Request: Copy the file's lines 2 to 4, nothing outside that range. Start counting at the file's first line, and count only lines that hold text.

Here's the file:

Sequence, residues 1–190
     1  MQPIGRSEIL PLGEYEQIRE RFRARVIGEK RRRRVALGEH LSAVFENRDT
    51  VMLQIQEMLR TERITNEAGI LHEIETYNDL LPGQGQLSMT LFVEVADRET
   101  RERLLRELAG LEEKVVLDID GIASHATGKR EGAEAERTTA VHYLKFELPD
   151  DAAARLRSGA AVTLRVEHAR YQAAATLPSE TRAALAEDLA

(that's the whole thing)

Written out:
     1  MQPIGRSEIL PLGEYEQIRE RFRARVIGEK RRRRVALGEH LSAVFENRDT
    51  VMLQIQEMLR TERITNEAGI LHEIETYNDL LPGQGQLSMT LFVEVADRET
   101  RERLLRELAG LEEKVVLDID GIASHATGKR EGAEAERTTA VHYLKFELPD